The presence of the state is pervasive throughout Banner’s narrative. There is no period in American history that lies “before” regulation or public vexations. Private property has always found its origins, its recognition and its security in the largesse of the state, even as much of the sentimental claptrap that passes for historical understanding continues to deny that truth.

Obviously, the section at least indirectly speaks to some of the key issues in the current trumped up controversy being stirred by the Romney presidential campaign. As I discussed a few days ago, President Obama's "you didn't build that" remark, in context, was clearly referencing the underlying social contract.

As Banner and Hartog emphasize, every bit of private property in the U.S., even a private business, is deeply embedded in the power of the state.

Incidentally, Mitt Romney and Barack Obama largely agree about the government's role in promoting business, as Jon Stewart's The Daily Show has been illustrating the last couple of nights. This quote used by Stewart tonight is taken here from Think Progress:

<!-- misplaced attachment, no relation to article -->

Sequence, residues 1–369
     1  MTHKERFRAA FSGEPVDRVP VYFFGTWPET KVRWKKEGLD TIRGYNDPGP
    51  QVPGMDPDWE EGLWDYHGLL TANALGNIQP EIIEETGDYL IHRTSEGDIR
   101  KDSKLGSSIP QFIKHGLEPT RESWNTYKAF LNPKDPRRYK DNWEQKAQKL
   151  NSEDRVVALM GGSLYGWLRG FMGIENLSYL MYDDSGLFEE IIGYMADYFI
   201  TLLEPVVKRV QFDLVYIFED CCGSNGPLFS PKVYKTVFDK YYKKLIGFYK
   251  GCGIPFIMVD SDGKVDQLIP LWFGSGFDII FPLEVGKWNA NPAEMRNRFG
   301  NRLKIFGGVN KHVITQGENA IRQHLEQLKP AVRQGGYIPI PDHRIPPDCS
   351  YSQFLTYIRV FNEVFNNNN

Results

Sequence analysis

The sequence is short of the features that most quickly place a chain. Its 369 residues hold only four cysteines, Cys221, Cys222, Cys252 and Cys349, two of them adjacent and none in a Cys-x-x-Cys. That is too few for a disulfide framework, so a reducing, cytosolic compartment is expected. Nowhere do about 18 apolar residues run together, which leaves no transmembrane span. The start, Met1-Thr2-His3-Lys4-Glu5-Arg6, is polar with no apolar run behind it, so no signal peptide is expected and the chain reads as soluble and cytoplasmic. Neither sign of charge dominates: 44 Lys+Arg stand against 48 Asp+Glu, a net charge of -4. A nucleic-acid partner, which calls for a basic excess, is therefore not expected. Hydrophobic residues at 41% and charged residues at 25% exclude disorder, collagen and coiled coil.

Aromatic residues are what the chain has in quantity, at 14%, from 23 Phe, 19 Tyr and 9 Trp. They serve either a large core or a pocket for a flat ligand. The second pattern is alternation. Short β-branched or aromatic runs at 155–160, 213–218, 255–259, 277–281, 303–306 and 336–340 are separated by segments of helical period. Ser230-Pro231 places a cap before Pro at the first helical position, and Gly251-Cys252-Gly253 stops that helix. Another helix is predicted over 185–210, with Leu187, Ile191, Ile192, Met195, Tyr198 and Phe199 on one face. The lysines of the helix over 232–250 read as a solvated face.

ROMNEY: I know that you recognize a lot of people help you in a business. Perhaps the bank, the investors. There is no question your mom and dad, your school teachers. The people who provide roads, the fire, the police. A lot of people help.
Compare the highlighted text (from Think Progress) to the Obama speech I quoted the other day.

Update: Here's The Daily Show bit on this from Wednesday, July 25: 

The Daily Show with Jon StewartMon - Thurs 11p / 10c
Democalypse 2012 - Do We Look Stupid? Don't Answer That Edition
Daily Show Full EpisodesPolitical Humor & Satire BlogThe Daily Show on Facebook

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Thursday, July 19, 2012

The Underlying Social Contract

By now, these lines from Barack Obama have been burned into the 24/7 news cycle by the American right: "If you’ve got a business -- you didn’t build that.  Somebody else made that happen." Mitt Romney on the campaign trail and Fox News in its programming (presuming you see a difference) have apparently been using it relentlessly.

Here's the video for those who have missed the uproar:

Here is the wider context from the White House website: